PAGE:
Both HELOCs and home equity loans are good options for older homeowners and anyone with a significant amount of equity in their home who would like to make use of that equity for unexpected expenses, big purchases or whatever they choose.
With a regular mortgage, you borrow money to buy a house and pay back the lender over time. With a reverse mortgage, the lender lets you borrow money based on the equity you’ve accumulated in the house and pays you back (minus interest). Essentially, the lender is giving you an advance on that equity.
You can get the funds as a single disbursement (like a home equity loan) or in payments over time (like a HELOC). Reverse mortgages with lump-sum payments tend to be fixed rate. If you choose to get payments over time, you likely will have a variable rate loan. The interest you’re charged on the mortgage is deducted from your payments.
Unlike HELOCs and home equity loans, reverse mortgages are only available to borrowers who are at least 62 years old. Also unlike HELOCs and home equity loans, which have a term of up to 30 years, the reverse mortgage doesn’t have to be paid back unless the borrower:
- chooses to sell the home
- hasn’t resided in the home for a year or longer (for example, if they move into an assisted living facility), or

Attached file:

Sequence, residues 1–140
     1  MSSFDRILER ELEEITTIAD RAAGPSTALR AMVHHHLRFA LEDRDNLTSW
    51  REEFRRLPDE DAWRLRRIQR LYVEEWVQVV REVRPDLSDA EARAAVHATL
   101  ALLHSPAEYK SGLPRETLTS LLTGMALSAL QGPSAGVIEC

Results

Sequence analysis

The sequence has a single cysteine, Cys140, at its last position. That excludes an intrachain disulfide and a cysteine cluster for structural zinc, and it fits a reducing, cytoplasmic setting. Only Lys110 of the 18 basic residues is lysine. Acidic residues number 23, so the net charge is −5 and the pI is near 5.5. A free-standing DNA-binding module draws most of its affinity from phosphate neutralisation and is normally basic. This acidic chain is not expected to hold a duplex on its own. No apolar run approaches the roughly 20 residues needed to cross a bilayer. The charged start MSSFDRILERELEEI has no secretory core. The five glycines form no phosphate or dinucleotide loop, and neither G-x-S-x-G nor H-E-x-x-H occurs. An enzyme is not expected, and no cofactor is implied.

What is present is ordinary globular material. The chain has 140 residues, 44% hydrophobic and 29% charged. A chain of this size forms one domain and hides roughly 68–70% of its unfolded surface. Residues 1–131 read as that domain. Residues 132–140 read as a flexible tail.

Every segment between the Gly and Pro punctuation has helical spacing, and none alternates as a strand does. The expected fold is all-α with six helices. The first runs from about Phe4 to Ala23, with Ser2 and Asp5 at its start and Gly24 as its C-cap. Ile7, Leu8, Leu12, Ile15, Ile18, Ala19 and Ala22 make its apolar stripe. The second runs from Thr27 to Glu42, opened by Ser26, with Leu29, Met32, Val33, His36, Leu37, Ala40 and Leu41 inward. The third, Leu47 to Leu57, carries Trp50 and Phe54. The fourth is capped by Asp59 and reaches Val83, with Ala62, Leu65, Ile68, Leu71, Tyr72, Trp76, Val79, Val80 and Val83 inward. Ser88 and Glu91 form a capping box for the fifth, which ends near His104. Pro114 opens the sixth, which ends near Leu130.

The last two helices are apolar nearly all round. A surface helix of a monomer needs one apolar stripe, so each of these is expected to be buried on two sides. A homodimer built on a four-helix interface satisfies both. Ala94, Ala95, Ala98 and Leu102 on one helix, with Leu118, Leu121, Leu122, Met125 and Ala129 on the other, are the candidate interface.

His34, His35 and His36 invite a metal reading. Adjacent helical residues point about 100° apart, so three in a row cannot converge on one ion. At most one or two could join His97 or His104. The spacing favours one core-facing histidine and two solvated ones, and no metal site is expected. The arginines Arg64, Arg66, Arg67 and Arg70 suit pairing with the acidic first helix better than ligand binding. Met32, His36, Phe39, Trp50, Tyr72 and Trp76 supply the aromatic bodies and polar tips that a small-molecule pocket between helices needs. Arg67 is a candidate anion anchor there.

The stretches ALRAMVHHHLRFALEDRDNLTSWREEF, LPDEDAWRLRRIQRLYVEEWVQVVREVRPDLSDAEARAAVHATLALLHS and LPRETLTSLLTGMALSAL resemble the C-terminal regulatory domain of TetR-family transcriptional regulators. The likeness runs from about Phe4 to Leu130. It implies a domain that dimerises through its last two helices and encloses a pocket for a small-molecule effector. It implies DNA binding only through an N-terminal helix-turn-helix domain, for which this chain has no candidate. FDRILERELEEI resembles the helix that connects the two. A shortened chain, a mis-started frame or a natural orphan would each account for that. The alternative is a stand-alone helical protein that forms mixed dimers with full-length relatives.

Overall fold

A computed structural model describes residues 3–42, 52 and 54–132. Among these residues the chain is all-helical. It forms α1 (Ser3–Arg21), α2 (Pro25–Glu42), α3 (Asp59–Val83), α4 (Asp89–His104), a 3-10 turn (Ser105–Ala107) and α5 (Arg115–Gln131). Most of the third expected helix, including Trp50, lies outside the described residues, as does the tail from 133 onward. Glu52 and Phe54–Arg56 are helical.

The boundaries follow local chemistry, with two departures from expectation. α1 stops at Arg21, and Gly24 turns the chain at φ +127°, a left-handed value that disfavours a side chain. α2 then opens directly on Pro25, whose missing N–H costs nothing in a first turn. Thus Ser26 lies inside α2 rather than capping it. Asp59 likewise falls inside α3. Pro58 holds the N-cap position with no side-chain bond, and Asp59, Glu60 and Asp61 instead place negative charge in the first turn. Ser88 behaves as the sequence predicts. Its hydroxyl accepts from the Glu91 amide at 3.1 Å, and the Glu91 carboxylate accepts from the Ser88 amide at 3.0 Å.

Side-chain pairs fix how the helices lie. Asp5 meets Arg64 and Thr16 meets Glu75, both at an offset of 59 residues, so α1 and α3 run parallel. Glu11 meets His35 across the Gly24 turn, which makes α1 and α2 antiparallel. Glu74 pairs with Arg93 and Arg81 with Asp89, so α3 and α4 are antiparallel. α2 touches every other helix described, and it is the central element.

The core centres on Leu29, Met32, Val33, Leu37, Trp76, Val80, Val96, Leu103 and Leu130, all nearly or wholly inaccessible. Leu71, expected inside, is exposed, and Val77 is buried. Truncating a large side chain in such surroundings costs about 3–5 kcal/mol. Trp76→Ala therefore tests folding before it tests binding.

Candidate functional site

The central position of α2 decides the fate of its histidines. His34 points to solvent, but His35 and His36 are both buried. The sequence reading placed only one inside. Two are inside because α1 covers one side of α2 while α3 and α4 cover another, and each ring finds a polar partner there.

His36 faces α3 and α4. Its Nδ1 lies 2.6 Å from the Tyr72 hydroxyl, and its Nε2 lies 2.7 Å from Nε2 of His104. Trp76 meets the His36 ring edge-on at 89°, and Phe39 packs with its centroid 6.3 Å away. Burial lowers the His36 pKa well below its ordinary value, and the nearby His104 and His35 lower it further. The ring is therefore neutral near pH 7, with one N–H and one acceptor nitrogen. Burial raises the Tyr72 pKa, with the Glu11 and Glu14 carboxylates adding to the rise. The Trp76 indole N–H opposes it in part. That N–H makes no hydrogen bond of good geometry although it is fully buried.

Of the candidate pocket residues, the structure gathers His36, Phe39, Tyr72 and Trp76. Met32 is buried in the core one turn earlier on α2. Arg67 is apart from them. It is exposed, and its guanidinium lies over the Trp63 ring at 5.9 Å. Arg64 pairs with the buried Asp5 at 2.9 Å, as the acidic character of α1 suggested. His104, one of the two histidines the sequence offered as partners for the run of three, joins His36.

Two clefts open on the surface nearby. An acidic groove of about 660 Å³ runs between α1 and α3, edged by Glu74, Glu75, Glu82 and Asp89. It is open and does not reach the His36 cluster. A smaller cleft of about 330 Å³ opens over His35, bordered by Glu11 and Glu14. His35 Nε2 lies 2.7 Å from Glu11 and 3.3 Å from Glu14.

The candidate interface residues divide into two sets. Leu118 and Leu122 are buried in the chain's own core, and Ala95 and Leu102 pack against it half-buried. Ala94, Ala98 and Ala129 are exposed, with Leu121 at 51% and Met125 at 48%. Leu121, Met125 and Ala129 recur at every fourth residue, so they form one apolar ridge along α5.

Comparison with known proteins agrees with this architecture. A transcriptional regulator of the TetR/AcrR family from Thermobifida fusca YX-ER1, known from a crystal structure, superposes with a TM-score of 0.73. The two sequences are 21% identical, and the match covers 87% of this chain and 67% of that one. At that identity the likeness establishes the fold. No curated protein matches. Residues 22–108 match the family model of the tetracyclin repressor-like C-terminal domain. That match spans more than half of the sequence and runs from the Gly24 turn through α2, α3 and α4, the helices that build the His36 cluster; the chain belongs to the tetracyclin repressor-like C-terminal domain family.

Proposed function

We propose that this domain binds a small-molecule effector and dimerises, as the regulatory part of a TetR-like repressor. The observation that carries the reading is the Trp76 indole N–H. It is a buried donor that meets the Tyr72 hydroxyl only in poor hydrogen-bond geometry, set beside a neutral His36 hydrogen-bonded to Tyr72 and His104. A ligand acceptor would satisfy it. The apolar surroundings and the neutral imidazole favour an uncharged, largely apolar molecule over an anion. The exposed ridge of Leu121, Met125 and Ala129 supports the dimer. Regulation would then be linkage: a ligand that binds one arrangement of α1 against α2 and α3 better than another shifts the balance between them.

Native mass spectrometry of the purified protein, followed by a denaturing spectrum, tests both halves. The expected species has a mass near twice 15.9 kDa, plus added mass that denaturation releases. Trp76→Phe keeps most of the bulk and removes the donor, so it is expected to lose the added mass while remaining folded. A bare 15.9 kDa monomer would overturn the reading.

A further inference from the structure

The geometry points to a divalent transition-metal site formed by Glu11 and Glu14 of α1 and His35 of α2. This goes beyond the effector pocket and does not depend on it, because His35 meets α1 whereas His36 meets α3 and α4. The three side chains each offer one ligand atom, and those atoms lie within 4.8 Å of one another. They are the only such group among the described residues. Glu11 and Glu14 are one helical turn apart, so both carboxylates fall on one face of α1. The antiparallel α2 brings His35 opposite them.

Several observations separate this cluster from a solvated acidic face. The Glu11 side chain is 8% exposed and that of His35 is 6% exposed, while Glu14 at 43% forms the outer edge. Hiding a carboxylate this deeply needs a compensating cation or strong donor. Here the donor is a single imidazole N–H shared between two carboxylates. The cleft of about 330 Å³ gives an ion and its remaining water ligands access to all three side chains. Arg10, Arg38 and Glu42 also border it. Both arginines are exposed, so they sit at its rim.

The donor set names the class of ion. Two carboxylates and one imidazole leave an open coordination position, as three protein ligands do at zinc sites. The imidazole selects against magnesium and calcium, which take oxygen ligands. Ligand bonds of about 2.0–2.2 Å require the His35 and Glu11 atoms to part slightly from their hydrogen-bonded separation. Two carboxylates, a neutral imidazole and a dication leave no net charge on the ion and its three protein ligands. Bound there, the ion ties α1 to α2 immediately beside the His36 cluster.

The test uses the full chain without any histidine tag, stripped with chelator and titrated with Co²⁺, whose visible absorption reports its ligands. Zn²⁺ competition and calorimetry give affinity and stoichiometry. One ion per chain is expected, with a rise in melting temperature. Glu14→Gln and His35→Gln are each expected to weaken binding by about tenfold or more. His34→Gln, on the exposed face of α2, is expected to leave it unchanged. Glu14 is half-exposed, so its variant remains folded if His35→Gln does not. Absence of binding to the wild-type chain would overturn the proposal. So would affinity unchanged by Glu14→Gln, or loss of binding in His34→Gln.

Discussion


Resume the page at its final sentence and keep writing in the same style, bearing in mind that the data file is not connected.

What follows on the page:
- passes away.
All three of these scenarios typically involve the sale of the home. When the last borrower passes away, their estate will need to repay the mortgage. That usually involves selling the house.
There are several types of reverse mortgages, but most reverse mortgage borrowers get a Home Equity Conversion Mortgage (HECM), the only type of reverse mortgage insured by the federal government. If you apply for an HECM, you’re required to meet with a counselor from an independent housing counseling agency to make sure you understand the terms, upfront costs and ongoing fees (like annual mortgage insurance premiums).
Which Is Best for Me? A Home Equity Line/Loan or a Reverse Mortgage?
Only you can decide which type of product is best for you. However, it’s essential to remember some key differences between the two options: